You’ll need to provide documentation and the specifics of what qualifies and what doesn’t are different for each airline. If you’re not sure if your unplanned event qualifies for a refund, contact the travel provider. Coronavirus does not count as an unplanned event, so if your airline hasn’t relaxed its policies as a result of the virus, don’t think you can use it as an excuse.

Note that you can also get extra travel coverage by paying for your flight with a card that has travel insurance benefits.

Check for travel waivers

Airlines hand out travel waivers all the time. Air travel is unpredictable. If there are cancellations and delays for various reasons (think weather, equipment malfunctions, pandemic-related issues, etc.), your airline may give you a travel waiver of some sort. You may be able to completely cancel your flight, or more likely you’ll get to change your flight for free.

If you have plans to fly in inclement weather, pay attention to your airline app and your email inbox. The airlines will usually tell you if they plan to offer you a travel waiver. By far the most common waivers issued at present are coronavirus related.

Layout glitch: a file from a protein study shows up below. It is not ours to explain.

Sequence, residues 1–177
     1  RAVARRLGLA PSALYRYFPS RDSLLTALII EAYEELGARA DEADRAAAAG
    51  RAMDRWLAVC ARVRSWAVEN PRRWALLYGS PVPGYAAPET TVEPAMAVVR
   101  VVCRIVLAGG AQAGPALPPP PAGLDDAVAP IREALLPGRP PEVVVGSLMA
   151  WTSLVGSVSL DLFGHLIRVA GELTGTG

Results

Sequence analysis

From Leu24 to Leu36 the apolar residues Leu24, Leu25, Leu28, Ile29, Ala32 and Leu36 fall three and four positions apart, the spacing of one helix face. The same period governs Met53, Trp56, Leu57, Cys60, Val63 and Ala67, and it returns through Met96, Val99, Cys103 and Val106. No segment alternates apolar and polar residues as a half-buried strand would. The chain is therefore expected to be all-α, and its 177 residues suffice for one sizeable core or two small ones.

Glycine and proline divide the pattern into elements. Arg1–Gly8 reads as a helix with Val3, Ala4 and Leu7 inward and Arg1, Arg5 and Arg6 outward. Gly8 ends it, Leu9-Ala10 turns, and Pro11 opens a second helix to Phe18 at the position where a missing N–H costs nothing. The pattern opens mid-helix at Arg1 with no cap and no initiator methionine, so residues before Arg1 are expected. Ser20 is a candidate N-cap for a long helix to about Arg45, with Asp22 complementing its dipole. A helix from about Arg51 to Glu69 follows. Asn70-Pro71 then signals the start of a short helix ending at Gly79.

Check for credit card coverage

If you travel even a couple of times per year, you should be booking your airfare with the best travel insurance credit cards. They are brilliant. Many come with trip cancellation/interruption coverages that can save you many thousands of dollars in change and cancellation fees.

Our favorites are:

  • The Platinum Card® from American Express
  • Chase Sapphire Preferred® Card
  • Chase Sapphire Reserve®

If you pay for your airfare with these cards, you’ll get their automatic travel insurance coverages.

Book more expensive refundable fare

I hate to even say it, but it can be a good idea to purchase refundable airfare (usually labeled as “flexible” by the airline) if your plans are likely to change. The cost of a refundable fare can be many times the cost of a nonrefundable fare, though this isn’t always the case. Check the price difference for your dates, destinations, etc. to see if it makes sense.

Change dates instead of canceling

Most airlines charge the same fee to change or cancel a flight. But if you’ve booked award travel, you might be able to save by changing your award ticket instead of canceling it. Sometimes you can make changes to award tickets for free.

Earn elite status

For most of us, this is the most difficult way to avoid fees because there aren’t many easy ways to earn airline elite status. But if you can get it, some airlines are generous with their most loyal customers. For example, if you have JetBlue Mosaic or Alaska MVP Gold status or higher, your change or cancellation fees will be waived – both for paid flights and award flights.

This isn’t true for all airline elite levels.

Use the 24 hr booking rule

There is a U.S. law that requires airlines to allow consumers to cancel within 24 hours of booking without penalty or to hold a reservation at the current price for 24 hours without payment. This law is generally interpreted to apply only to paid flights but most airlines allow free cancellation within 24 hours of booking award flights, as well.